For Nigeria to be a load centre, a shipping expert, Mr. Lawrence Metuh, is of the view that Nigeria must study what happens in other advanced countries, adding that no seaport can overcome congestion without a good rail system. He argued that for Nigeria to be considered as a load centre, government must be ready to link the new Lekki deep seaport with rail.

 

This came as the Executive Secretary/Chief Executive Officer of the Nigerian Shippers’ Council, Emmanuel June, during the Minister’s tour of the Lekki Port, expressed fear of a repeat of the problem currently witnessed along the access roads to the seaport in Apapa.

 

Also, Ugochukwu Nnadi, a freight forwarder, said the Lekki deep seaport, upon completion, the location of the port could become another nightmare like the Apapa and Tin Can Island ports which have become a problem in Lagos. He called for rail connectivity, use of barges on inland water access and good access roads in and out of the port.

 

“These fears are not unfounded considering that upon completion; the Ibeju-Lekki-Epe axis will be home to huge traffic arising from the operations of the deep seaport and the Dangote Refinery among the other major projects sited in the Lekki Free Trade Zone.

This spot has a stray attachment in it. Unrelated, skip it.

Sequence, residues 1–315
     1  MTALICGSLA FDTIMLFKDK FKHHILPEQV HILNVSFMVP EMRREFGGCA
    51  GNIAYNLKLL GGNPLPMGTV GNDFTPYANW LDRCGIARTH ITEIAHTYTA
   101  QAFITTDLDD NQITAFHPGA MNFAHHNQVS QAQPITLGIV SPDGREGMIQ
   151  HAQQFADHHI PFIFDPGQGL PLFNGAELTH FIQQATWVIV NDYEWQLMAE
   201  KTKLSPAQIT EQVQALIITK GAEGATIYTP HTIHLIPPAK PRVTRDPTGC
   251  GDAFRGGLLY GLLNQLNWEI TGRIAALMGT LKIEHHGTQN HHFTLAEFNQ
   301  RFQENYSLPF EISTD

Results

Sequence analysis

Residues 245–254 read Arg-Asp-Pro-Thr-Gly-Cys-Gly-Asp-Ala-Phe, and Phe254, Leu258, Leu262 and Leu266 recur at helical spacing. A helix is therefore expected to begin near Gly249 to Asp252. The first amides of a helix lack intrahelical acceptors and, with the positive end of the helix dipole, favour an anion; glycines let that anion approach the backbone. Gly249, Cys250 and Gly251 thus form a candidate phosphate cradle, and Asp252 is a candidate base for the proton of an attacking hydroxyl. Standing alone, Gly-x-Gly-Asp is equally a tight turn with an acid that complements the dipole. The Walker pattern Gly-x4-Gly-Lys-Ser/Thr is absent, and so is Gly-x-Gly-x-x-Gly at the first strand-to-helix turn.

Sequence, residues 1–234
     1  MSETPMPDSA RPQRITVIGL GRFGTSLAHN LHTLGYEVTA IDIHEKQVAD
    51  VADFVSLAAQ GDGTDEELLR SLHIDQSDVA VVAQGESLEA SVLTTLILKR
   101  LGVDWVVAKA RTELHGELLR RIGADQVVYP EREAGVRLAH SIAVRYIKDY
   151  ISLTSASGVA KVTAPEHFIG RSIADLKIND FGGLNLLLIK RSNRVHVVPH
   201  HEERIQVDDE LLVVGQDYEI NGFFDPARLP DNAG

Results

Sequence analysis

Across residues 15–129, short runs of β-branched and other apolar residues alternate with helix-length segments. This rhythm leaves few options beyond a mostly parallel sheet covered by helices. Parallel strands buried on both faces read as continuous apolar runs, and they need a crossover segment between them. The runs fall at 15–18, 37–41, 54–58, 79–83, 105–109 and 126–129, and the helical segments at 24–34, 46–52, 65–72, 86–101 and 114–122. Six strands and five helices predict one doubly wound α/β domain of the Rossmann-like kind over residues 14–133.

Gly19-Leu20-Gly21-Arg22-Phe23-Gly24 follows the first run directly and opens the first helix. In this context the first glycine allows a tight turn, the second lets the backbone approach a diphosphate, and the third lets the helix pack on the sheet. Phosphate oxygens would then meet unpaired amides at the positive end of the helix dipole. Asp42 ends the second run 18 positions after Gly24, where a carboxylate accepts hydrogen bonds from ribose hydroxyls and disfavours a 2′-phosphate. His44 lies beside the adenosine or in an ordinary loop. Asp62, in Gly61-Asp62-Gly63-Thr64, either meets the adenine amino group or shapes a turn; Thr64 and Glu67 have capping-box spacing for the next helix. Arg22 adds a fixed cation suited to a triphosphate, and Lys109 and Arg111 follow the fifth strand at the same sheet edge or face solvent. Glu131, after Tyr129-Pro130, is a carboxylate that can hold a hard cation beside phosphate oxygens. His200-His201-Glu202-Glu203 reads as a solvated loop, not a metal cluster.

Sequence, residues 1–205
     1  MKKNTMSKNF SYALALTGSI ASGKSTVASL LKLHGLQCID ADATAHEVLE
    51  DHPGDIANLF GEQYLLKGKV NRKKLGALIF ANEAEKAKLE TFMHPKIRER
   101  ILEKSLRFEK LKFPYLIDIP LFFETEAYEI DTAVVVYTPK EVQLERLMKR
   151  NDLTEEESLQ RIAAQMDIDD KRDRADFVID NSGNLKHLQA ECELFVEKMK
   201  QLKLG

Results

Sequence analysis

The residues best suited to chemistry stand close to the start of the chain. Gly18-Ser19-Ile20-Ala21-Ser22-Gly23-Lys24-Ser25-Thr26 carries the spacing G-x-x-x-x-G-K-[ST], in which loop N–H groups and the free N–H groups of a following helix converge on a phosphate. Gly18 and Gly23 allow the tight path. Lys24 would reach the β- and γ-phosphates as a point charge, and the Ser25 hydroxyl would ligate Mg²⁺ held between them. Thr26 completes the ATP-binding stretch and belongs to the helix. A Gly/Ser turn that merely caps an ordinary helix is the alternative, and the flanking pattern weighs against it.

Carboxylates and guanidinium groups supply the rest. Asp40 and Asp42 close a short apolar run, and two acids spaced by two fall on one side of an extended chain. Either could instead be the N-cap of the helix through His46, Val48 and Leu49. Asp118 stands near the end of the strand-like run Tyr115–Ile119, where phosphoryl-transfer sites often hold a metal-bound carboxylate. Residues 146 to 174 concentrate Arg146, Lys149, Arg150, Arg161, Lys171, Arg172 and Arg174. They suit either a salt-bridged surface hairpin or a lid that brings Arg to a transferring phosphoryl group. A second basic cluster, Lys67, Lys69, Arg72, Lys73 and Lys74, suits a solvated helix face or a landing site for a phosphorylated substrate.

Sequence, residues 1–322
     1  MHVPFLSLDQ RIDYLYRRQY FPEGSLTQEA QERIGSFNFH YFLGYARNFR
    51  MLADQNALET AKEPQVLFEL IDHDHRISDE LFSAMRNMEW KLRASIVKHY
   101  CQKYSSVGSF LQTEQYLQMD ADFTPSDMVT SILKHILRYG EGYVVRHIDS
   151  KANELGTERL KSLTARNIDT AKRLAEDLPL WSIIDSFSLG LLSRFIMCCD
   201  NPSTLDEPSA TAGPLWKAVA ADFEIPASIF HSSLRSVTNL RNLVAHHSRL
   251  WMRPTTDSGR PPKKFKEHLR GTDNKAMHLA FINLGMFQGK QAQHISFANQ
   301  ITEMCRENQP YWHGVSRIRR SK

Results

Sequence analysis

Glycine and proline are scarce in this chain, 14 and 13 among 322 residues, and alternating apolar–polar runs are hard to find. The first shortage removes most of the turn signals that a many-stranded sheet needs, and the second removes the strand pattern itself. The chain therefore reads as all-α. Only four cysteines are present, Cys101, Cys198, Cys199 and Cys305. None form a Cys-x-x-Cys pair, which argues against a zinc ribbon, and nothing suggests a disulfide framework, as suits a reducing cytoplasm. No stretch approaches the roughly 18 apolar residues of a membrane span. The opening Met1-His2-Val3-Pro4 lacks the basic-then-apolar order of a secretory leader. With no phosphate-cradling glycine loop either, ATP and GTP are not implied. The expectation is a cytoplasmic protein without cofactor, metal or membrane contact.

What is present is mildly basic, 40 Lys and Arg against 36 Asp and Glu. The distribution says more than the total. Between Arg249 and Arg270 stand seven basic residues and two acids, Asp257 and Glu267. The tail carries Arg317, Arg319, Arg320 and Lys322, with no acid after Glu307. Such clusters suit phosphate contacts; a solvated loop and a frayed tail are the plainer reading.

I know it is not too late to include the rail in the project because adjustments are possible in any ongoing project.

 

That was as the MD Tolaram Group; Du Ruogang, called for government’s support in the cargo evacuation system of the port, noting that the roads connecting to the port are not satisfactory to the demands of the evacuation requirements of the port.

 

The General Manager/Head of Government Relations and Security, Lekki Freeport Terminal, Fubara Awanta, said with the draught of the port, which is the deepest in West Africa, Nigeria, should not lose the huge revenue that it would make from the port due to several bottlenecks.

 

He appealed to the government to ensure that the key roads connecting the port are completed to boost cargo evacuation as the short-term support, while for the medium term the government should assist in ensuring the movement of consignment through barging and rail.